How a Veteran Teacher Fights the Late Fall Slump
October 16, 2019
“Yikes, I only slept six hours last night,” I thought one Tuesday last October, as I was getting ready to teach my first class of the day. As a trained therapist, I had come to Teach For America through my love of my clients—I loved the positivity and honesty that children showed during their therapy sessions. After transitioning careers, I knew that I would go through ups and downs, but I thought that as the years went on, the long stretch between October and December would get easier. As a fifth year teacher, I thought I would begin to build a resistance to the drag that was occurring, but I was exhausted, the days were getting shorter, and I felt like my work was piling high.
My experience is more common than you think. Many teachers, even veteran ones, will experience a dip in their performance, energy, and mood during the fall months. Research shows that often teachers will go into “survival mode," a period of time when they are simply trying to get through the day. As educators, we know the importance of our own health, energy, and mood in the classroom. Our students need us, and we need to be at our best. How do we do that?
Self-Care Tip #1: Keep a schedule and stick to it.
I like to use different colors in my schedule. Balance is important to me. I use red for work, blue for chores, and purple for social events. I do this on Sundays so I have my week planned, and I can take a look at the balance I have in my life. Am I working too much? Is this a week I have a lot of social events? The most important part of this is to actually follow through. If I write an event down, it’s my way of keeping myself accountable for that workout, meal with a friend, or self-care night.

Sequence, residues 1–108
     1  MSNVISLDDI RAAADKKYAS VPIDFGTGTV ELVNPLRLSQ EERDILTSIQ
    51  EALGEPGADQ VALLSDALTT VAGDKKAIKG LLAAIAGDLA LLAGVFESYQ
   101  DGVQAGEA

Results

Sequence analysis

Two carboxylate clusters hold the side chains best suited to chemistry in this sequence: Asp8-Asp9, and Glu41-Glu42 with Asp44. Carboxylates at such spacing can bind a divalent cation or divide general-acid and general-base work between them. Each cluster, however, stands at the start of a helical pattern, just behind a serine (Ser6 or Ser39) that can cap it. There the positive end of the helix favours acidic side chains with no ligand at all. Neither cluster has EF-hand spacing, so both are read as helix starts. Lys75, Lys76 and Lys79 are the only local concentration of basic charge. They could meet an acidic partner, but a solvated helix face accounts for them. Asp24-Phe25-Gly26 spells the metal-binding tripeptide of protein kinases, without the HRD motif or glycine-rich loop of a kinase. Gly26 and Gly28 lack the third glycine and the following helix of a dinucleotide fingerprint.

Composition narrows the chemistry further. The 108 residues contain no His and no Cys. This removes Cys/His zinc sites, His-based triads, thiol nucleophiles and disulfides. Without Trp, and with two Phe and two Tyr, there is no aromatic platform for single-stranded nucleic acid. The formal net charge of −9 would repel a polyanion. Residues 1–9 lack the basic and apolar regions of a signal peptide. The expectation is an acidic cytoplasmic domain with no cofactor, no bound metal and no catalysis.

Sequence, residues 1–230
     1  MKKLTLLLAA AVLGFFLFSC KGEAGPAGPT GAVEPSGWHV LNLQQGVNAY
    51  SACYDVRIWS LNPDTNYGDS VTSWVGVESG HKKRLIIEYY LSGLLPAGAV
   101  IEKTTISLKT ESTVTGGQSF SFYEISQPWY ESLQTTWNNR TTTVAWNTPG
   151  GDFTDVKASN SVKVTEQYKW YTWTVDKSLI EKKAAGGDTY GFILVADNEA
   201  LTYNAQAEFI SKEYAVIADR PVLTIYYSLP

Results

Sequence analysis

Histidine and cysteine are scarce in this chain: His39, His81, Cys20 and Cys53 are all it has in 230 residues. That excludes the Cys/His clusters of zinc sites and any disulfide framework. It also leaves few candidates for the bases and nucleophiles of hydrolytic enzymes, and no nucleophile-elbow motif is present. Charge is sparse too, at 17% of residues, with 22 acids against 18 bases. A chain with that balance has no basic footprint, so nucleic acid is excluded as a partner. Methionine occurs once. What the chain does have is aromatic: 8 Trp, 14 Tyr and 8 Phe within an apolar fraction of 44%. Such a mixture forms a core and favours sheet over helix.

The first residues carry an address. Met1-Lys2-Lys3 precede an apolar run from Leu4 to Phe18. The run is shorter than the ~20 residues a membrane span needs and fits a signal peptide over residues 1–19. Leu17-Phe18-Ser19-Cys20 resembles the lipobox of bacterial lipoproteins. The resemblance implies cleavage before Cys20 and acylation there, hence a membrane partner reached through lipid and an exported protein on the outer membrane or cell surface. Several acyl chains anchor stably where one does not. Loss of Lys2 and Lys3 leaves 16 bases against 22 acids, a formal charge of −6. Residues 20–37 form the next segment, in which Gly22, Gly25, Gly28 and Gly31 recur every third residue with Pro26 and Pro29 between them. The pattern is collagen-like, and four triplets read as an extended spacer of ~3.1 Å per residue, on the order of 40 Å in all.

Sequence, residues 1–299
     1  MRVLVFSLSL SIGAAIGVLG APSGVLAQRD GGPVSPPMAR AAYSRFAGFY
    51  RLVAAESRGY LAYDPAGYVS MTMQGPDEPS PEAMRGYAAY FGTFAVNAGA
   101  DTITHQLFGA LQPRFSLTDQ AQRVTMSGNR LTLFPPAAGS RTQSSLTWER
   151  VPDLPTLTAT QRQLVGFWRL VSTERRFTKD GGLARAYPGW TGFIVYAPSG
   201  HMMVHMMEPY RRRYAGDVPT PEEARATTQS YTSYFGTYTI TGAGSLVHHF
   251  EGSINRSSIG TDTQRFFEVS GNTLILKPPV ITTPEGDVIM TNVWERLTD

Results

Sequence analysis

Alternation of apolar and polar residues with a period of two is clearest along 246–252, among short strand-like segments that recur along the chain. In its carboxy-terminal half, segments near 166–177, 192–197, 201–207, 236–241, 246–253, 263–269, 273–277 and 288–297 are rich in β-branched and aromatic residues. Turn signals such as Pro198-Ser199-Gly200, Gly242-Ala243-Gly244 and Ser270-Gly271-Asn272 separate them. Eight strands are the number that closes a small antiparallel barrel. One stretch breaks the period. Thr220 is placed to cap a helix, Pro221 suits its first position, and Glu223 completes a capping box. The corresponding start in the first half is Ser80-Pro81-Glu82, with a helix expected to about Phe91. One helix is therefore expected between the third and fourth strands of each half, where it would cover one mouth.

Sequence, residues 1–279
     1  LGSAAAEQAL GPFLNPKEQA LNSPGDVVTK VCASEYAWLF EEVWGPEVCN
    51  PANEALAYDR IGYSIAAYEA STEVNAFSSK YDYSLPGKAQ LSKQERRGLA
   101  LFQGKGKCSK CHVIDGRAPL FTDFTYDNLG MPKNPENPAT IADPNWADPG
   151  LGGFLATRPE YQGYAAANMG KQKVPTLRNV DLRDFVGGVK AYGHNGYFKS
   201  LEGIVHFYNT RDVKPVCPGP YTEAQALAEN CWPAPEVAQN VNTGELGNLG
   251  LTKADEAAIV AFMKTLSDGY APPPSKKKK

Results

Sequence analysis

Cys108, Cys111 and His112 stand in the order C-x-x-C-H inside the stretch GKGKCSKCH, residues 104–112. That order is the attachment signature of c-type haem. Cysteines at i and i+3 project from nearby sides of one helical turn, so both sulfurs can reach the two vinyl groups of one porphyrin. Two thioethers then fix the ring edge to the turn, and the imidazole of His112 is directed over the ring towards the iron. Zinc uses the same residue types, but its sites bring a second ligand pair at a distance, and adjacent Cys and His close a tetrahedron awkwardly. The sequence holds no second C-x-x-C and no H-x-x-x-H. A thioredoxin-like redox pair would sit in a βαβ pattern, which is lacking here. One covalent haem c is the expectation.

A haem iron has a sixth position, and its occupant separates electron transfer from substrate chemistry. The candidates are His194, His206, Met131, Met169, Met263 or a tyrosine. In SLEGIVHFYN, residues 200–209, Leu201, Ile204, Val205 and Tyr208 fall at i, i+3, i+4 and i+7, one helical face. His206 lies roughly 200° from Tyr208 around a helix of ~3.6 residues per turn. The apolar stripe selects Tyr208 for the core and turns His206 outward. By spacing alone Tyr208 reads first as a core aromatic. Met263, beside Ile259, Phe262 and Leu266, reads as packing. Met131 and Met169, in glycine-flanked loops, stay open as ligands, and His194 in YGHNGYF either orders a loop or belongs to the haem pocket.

Self-Care Tip #2: Treat your body well.
We know that sleep is important, but do we get enough? I use an app called Sleep Cycle to track not only the number of hours I sleep, but also the quality of my sleep. It's difficult at times to get the amount of sleep I need, but being able to track my sleep gives me a sense of accountability. Also, never forget that we are what we eat. When I’m stressed, I turn to takeout or fast food. Not only is this not always healthy, it also costs a lot. Now I use a meal subscription service. I pick meals I will be excited to eat, and this gives me motivation to make them.
Self-Care Tip #3: Pick a time of the weekend to prep for the week.
I use Sunday afternoons to iron my clothes, meal prep, and get myself ready for the week. I pack my day with these chores, as well as one or two fun things such as reading or watching a TV show, to provide a nice balance. This balance lets me get all of my work done and have some time to myself to relax (I also can wake up slightly later than I would if I were to pick out an outfit!). It also keeps me busy, so that I ward off the Sunday Scaries.
Self-Care Tip #4: Take time for restorative activities.
Many times, we think self-care consists of bubble baths and spending money on vacations. As a former therapist, I would describe self-care to my clients as something that helps to heal your mental, physical, or emotional state. It may be what gives you energy. For me, it may be reading a book, taking a walk, or listening to a record. Plan this time out each week (I use my color-coded schedule) to make sure it happens. Self-care can be by yourself or with someone you care about. I tend to select non-teaching friends for self-care time, so I am sure that no work talk comes up.
As a fellow teacher, I know how hard this profession is, especially during this time of the year. I would never anticipate someone to “Queer Eye their life,” in other words, change all of these things in a week. I do know, however, that if you begin to think about the helpful hints listed above, you will be well on your way to go from surviving to thriving.